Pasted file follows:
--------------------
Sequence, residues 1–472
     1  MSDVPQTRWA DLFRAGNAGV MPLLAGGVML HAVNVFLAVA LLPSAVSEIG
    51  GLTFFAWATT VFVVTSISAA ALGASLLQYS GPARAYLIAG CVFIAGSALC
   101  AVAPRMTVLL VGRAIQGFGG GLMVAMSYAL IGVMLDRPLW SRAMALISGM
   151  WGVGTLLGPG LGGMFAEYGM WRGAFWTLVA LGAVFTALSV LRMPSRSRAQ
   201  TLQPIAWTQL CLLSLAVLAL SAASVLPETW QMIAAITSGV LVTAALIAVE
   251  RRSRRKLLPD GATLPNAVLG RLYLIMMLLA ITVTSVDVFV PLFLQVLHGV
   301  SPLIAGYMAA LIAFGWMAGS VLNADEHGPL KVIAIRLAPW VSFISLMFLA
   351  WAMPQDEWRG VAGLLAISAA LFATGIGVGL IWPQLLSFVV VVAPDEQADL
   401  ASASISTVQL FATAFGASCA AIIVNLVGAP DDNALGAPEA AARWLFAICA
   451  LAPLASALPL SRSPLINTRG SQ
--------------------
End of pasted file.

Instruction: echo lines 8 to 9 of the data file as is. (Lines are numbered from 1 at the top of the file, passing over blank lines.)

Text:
   301  SPLIAGYMAA LIAFGWMAGS VLNADEHGPL KVIAIRLAPW VSFISLMFLA
   351  WAMPQDEWRG VAGLLAISAA LFATGIGVGL IWPQLLSFVV VVAPDEQADL